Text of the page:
Fee-Fi-Fo-Fum – Fih Spies More Fun: Alt-rap? R&B? Hip-hop? All of the above? The slippery nature of L.A.-based artist Fih’s sound – it’s so elusive when attempting to nail it down – is just one of the wonderful things about a star we predict is going to shine brightly in 2023.
Sweet vocals, authentic lyrics, layers of melody, glorious curveballs – Fih will take you on a journey with her music, and just when you think you know where you’re going, she’ll flip a 180. She’s a genuine joy, and she seems to be having a blast creating this stuff. She says that it’s always been that way.
“Since [I was] a kid, I’ve always been enamored by music and had fun with it,” Fih says. “I started actually attempting to become an artist once I moved to New York to go to college. It started to become serious on the East Coast. By the time I graduated from NYU and moved back to Los Angeles, I was fully committed.”
A press release reveals that Fih suffered thorough the trauma of sexual assault, leading to PTSD.
“This unfortunate experience is actually what inspired her to seriously pursue being an artist,” it continues. “This was the one place that felt safe to talk about her experiences freely. She slowly began to flourish in New York as an artist and even performed at a NYFW show in 2021. After graduating, Fih moved back to LA and continued her journey as an artist in her hometown. Fih has done many shows and festivals, including Leimert Park Rising’s, Pray for the Hood, for four years straight. She also just recently headlined her own show at A Forest For the Trees. From working with Grammy award-winning producers and engineers to working with renowned and local artists, Fih has immersed herself into the L.A. music scene and is making her mark.”
That’s correct. From song to song, the influences waver slightly, though it all sounds undeniably like Fih. That’s by design.
“I feel like my sound has always paid homage to old school hip-hop and R&B while creating my own lane to express myself,” she says. “While I still feel that is part of my sound, I definitely started to pick up inspiration from other genres. So now my sound is really just one big melting pot.”
As she said above, Fih spent time in New York before settling in Los Angeles. To connect with two massive and diverse entertainment centers like that can only help one’s art. Now that she’s in the City of Angels though, Fih feels content.
“I think our culture and the way we move out here has had an influence on my overall demeanor as an artist,” she says. “I appreciate the laid-back, relaxed attitude we have. And I think that shows throughout my music.”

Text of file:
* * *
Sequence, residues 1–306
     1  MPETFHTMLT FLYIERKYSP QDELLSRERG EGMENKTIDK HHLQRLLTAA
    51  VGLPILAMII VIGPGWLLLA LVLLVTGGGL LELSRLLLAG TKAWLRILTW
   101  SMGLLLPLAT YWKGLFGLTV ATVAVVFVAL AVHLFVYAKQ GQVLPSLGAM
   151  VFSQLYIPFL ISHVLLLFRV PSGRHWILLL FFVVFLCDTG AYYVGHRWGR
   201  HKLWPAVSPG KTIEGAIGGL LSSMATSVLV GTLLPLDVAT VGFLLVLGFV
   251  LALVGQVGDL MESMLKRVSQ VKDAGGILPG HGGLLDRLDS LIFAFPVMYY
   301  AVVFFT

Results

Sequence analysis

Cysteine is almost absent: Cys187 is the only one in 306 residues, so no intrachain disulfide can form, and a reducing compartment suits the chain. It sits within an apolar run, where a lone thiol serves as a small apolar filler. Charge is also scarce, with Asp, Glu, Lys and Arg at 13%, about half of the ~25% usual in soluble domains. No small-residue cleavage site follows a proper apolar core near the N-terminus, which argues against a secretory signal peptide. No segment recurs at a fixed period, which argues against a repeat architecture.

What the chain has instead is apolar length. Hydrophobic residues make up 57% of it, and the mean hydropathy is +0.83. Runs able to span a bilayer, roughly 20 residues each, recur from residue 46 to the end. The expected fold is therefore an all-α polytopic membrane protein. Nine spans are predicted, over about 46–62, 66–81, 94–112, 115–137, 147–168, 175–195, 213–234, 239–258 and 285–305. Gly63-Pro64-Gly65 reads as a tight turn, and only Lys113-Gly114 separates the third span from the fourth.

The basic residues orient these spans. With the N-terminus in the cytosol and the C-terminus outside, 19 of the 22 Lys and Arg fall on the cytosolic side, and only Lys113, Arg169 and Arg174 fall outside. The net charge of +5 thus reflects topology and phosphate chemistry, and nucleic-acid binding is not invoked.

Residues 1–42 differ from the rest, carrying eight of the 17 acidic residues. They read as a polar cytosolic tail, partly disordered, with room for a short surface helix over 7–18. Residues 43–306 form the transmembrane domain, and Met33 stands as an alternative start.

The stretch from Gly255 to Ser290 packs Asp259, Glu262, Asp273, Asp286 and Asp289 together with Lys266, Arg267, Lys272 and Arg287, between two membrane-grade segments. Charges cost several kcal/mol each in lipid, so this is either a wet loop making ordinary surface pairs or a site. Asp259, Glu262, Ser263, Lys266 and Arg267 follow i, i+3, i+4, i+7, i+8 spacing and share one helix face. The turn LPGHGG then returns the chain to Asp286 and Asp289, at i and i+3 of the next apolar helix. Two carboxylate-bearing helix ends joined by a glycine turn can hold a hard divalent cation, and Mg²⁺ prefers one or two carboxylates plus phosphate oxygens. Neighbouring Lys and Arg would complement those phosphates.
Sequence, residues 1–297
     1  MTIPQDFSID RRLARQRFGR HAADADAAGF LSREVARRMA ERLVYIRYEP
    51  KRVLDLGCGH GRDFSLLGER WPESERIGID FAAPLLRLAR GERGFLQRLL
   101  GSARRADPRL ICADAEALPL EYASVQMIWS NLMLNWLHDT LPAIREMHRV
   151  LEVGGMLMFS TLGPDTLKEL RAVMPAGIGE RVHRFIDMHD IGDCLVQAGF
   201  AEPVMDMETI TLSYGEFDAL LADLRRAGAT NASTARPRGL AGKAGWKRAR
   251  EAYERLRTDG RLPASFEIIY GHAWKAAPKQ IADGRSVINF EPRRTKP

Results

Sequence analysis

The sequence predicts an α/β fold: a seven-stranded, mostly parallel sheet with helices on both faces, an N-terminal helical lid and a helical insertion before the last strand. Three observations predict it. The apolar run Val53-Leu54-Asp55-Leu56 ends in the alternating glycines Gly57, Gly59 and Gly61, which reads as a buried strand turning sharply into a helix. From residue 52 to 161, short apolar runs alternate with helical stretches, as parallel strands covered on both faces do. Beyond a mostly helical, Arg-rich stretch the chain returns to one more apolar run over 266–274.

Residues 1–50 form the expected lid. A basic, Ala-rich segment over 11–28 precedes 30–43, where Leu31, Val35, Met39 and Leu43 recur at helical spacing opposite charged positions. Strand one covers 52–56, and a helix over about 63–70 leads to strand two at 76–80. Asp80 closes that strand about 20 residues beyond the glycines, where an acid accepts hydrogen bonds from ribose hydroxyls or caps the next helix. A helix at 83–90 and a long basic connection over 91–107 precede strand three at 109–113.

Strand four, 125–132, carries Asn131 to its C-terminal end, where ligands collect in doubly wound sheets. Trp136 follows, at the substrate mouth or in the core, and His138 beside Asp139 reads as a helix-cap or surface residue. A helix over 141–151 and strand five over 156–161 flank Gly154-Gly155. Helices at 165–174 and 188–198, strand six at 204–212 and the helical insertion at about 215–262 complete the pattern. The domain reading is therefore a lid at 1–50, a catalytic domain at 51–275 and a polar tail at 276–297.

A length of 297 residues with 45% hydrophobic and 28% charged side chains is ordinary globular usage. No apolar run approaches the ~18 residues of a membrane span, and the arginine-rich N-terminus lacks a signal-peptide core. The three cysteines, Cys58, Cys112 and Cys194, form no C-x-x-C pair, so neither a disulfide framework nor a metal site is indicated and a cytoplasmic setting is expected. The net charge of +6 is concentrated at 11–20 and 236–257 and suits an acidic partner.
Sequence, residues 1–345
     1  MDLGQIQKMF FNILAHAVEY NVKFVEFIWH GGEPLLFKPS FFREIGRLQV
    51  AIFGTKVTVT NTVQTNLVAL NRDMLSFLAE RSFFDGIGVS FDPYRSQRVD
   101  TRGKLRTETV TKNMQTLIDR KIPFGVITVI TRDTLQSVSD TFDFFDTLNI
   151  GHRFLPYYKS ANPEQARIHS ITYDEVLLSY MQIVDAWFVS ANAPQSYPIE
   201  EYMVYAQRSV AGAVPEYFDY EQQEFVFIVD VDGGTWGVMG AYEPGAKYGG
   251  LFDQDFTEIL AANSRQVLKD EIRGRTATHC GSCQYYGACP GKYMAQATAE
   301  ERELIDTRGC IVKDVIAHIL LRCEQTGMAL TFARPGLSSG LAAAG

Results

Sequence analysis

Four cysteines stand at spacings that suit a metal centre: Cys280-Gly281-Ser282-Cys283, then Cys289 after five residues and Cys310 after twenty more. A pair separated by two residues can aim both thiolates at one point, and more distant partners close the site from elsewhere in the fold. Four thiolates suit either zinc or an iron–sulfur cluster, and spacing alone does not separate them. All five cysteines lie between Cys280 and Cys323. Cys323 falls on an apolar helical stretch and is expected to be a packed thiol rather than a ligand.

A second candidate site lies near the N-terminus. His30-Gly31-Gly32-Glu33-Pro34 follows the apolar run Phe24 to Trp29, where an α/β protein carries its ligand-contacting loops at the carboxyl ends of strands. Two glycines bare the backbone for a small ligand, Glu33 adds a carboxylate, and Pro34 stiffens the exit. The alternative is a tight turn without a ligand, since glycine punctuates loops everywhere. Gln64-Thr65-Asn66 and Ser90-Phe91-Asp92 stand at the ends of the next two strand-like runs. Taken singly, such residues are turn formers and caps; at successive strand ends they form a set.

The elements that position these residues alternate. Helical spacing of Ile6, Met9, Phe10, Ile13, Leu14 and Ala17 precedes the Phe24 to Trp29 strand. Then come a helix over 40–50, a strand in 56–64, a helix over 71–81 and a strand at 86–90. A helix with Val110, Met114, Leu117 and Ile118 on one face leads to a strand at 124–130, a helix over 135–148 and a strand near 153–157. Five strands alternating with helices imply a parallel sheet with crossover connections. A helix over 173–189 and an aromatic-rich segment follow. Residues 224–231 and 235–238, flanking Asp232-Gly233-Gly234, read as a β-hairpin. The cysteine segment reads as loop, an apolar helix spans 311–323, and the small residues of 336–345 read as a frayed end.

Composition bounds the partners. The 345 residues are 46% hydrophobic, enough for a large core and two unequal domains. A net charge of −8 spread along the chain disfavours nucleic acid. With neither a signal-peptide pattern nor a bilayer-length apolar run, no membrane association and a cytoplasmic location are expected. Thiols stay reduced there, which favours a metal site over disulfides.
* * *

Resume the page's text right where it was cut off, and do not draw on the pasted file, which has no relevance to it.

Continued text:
Fih has an album, Le Brea Baby, due out in March (“The project is officially done – I’m really excited to share it with everyone”). Based on the tracks released so far, that promises to be one of the hop-hop/R&B albums of the year.
“Chailatay and Nate Fox were the executive producers for the upcoming project, La Brea Baby,” she says. “But there were also so many other people who helped bring this project to life. Such as, Stephan Hicks, Nigel Fregozo, Brooke Magidson, 3TimesGold and so many more.”
According to the information we received, La Brea Baby (and by the way, what a great name for a record that is) was created entirely by scratch, with Fih and Chailatay employing many live musicians.
“When it came to the songwriting, Fih had to dig deep into certain feelings and experiences in order to make sure each song had the same vulnerability,” reads a statement. “After the story was finished being written, she was given assistance from Summer Greer and Tatiana Snead with vocal arrangement on a few songs.”
The most recent preview to that album is the “Aye Yai Yai” single, a smooth but clearly honest and painful musical journal, reliving a past relationship.
“Aye Yai Yai is a song about a past relationship I was in,” she says. “I was insanely naive and thought this person could do no wrong. This only took me down a path of heartbreak. So the song is just me reflecting on this and realizing this person wasn’t meant for me.”
We’ve all been there, right? And if nothing else, history has taught us that painful breakups are excellent fodder for songwriting. Nothing gets the creative juices flowing like a lost love, and that proves to be the case here. As teasers for albums go, “Aye Yai Yai” is a great success.
L.A. is never short of awesome emerging talent in the area of hip-hop, and Fih is just the latest. She certainly feels a part of this region’s impressive, historic and storied scene.
“I’m so grateful for all of the artists I’ve come to know and it feels so good that they know me as well,” she says. “I just hope to keep making my mark in this city.”
Admiration goes both ways, and Fih has her eyes on a number of artists that she believes will be doing great things in 2023.
“I’m really looking forward to Paris Texas, Destin Conrad, Boldy James and Ambré, to name a few,” she says.
Fih plans to spend time with her family over the holidays and focus on finishing the rollout for her upcoming project. As far as getting rolling in the new year, she has plenty of plans.
“I have an upcoming single featuring YGTUT coming at the end of January and then my project, La Brea Baby, will be coming out toward April,” she says. “I’m really excited to share this new music.”
Fee-Fi-Fo-Fum – Fih Spies More Fun: Fih’s single “Aye Yai Yai” is out now. The album La Brea Baby is out in March.
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